Thursday, March 21, 2019

Indisputable: CDC is not making prudent vaccine recommendations

Hepatitis B vaccine (HBV), administered according to the CDC's schedule on the day a baby is born, is the thread that unravels the claim that "science" underpins the CDC's childhood vaccine schedule.  Hepatitis B vaccine is unnecessary for 99% of newborns:  those whose parents and siblings do not have contagious Hepatitis B.  Hepatitis B is spread by contaminated needles and sex with an infected partner.  It is not spread like polio (oral-fecal) or measles (by particles in the air).  It is not spread through casual contact.  Babies in uninfected families just don't get it. 

Jeremy Hammond, a wonderful writer, has posted a superb piece about this subject here. Four years ago, I wrote an interesting article about hepatitis B vaccine, telling my own story of how I came to be vaccinated, while eschewing vaccination for my grandchildren.  A bit later, I wrote about how it was that CDC kept moving the Hepatitis B vaccine goalposts, until newborns became the primary target, for whom uptake was almost 100%


Hepatitis B is a killed vaccine and protection wears off over time, so babies may actually lack protection if and when they do become "at risk" of contracting Hepatitis B, as a teen or adult.


If the goal was to provide adolescents with protection when they become sexually active, they should be vaccinated later, as is recommended for the Tdap and Men A vaccines.  After all, immunity from vaccination in the first six months may have worn off by then.


The fact is, no public health agency has ever provided a scientific or logical reason why babies need to be given this vaccine at birth.  Here is CDC's 2017 explanation, which makes absolutely no sense if the family is uninfected:

For children and adolescents, the new guidelines strengthen the recommendation that the birth dose of the HBV vaccine be administered to infants within 24 hours of birth. This is a change from previous recommendations that were more flexible, allowing for vaccination at birth or at first pediatric visit, often 2 or more weeks after birth. However, delaying vaccination leaves infants at risk for a longer period of time. Additionally, providing the vaccine as soon as possible after birth can provide some protection for infants whose mothers had undiagnosed HBV at the time of delivery. 
These updated recommendations strengthen our national response to viral hepatitis and contribute to implementing strategies identified in the National Viral Hepatitis Action Plan, 2017 – 2020.
But what are babies "at risk" for if they and their mothers tested negative?  And why is your newborn needed to "strengthen our national response" anyway?


The state of Oregon does its best to provide a "better" reason.  The reason is--get this--that, although mothers and newborns are all tested for Hepatitis B and should therefore be treated when found to be positive, well, sometimes people make mistakes.  Results might get lost.  So we better vaccinate every baby (4 million babies a year at 3 doses each, costing an estimated $500 million/year)-- just in case a positive result gets lost.  (I guarantee that if hospitals were told they would be fined $50,000 for losing a single Hepatitis B test, not a single one would ever be lost.)  From Oregon:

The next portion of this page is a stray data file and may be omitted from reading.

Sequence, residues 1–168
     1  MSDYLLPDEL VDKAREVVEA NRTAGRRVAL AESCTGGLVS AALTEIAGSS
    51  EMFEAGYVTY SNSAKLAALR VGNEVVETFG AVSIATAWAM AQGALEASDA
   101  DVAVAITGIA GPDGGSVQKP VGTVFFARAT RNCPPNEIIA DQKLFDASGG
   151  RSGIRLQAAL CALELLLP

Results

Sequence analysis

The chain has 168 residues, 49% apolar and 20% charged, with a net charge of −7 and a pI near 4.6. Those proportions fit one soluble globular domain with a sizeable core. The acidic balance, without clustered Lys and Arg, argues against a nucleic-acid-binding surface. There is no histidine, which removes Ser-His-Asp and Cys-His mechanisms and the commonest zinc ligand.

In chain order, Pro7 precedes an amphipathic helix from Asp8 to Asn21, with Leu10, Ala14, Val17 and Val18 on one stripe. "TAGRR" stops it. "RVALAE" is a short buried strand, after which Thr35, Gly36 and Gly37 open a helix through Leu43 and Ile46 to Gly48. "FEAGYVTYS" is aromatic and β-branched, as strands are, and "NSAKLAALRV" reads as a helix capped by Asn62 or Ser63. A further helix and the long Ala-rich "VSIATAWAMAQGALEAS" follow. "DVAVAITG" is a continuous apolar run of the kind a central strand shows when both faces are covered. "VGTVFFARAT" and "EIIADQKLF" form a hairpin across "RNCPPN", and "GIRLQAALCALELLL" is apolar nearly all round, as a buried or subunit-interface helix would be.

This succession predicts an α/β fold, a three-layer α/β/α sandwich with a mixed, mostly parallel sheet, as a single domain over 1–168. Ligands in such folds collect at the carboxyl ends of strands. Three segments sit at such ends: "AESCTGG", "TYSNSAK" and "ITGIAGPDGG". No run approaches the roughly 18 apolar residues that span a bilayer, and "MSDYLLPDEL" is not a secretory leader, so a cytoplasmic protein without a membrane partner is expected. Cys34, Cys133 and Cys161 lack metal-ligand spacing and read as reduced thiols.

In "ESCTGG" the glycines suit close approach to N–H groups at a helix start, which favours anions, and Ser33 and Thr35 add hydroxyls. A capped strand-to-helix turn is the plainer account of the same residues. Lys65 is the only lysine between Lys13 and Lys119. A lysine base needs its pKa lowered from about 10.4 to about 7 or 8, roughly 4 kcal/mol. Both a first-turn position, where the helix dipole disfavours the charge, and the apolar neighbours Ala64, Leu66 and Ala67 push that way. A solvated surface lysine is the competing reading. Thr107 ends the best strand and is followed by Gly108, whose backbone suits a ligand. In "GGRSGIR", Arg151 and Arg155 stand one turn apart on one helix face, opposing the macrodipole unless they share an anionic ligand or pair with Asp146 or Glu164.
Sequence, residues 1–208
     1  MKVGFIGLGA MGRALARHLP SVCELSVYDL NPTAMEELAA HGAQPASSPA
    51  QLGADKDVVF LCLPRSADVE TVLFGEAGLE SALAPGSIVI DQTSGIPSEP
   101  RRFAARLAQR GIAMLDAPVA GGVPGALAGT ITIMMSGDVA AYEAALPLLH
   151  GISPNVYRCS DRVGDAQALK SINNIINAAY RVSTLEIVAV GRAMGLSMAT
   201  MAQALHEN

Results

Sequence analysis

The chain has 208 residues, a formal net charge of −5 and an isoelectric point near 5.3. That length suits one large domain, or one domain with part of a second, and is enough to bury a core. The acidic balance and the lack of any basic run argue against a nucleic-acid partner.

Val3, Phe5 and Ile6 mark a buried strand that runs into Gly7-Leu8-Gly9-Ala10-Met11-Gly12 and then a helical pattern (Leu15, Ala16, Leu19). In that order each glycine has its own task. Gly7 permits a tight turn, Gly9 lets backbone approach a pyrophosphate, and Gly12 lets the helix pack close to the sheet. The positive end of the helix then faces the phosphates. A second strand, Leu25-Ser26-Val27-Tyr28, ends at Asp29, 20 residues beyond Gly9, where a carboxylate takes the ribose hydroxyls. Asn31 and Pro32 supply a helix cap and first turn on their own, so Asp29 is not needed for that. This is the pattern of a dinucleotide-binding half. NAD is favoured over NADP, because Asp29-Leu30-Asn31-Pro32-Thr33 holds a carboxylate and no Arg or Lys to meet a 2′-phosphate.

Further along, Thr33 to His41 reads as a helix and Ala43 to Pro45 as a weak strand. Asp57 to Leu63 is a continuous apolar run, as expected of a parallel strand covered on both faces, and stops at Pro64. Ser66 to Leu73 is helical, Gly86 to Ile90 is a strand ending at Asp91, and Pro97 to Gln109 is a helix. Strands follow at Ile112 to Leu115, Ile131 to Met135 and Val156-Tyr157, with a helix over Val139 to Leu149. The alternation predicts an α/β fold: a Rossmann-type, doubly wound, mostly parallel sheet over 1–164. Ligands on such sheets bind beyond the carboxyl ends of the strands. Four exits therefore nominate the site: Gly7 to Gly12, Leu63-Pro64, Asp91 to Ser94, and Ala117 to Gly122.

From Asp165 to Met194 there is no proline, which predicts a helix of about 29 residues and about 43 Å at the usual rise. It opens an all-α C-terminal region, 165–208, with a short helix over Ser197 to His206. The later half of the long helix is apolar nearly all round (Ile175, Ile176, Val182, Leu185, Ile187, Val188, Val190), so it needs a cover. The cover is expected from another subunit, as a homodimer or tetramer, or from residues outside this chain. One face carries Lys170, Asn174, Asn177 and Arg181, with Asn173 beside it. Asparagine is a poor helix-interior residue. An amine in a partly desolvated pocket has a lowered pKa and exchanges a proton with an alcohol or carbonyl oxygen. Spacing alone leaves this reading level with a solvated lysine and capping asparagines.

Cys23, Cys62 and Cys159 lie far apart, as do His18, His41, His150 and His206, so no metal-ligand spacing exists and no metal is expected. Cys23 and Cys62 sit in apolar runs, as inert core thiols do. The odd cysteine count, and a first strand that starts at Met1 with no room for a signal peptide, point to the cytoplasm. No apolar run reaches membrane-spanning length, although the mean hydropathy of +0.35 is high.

We all know that medical errors happen—some serious—and with some regularity. Because HBV positive test results don’t always find their way to the birth hospital, or to the right person, many U.S. children are now chronically infected with HBV and at least one infant has died...The birth dose of hepatitis B vaccine serves as a “safety net” to prevent perinatal infection in these infants.
You've gotta be kidding me.  Not only do mothers and newborns have to pay to be tested for Hepatitis B, they have to pay (and risk an adverse reaction) for 3 doses of vaccine in case the hospital loses their test results.  What is wrong with this picture???

Here is the information CDC provides about the number of perinatal cases of Hepatitis B in 2016 (below).  It would be interesting to know how many of these cases were vaccinated, and how many were detected through lab testing.  Why did these cases occur? Were they cared for appropriately? 


Would it not make more sense to put the effort and expense of 12 million Hepatitis B shots yearly into correctly identifying the small number of truly at-risk newborns and making certain they are optimally treated by their medical providers?


Update:  Only about 73% of US newborns actually receive the Hepatitis B vaccine within 3 days after birth.  The rest have savvy parents or health professionals.


Table 3.6. Number of newly reported case* reports† of perinatal hepatitis B§ submitted by states and jurisdictions, 2016

Table 3.6.
State/JurisdictionNo. Perinatal hepatitis B
case reports† submitted
California15
Georgia1
Kentucky2
Louisiana1
Minnesota1
New York2
North Carolina1
Pennsylvania2
Tennessee2
Texas2
Washington1
West Virginia1
Wisconsin1
Total32
Source: CDC, National Notifiable Diseases Surveillance System.
*For case-definition, see https://wwwn.cdc.gov/nndss/conditions/hepatitis-b-perinatal-virus-infection/case-definition/1995/
†Reports may not reflect unique cases.
§ Perinatal hepatitis B is not reportable disease in ALL jurisdictions
Here are the ingredients in the 2 hepatitis B vaccines sold in the US:

Hep B (Engerix-B): 250 mcg aluminum as aluminum hydroxide, up to 5% yeast protein, sodium chloride, disodium phosphate dihydrate, sodium dihydrogen phosphate dihydrate 


Hep B (Recombivax): soy peptone, dextrose, amino acids, mineral salts, phosphate buffer, formaldehyde, 250 mcg aluminum, yeast protein 

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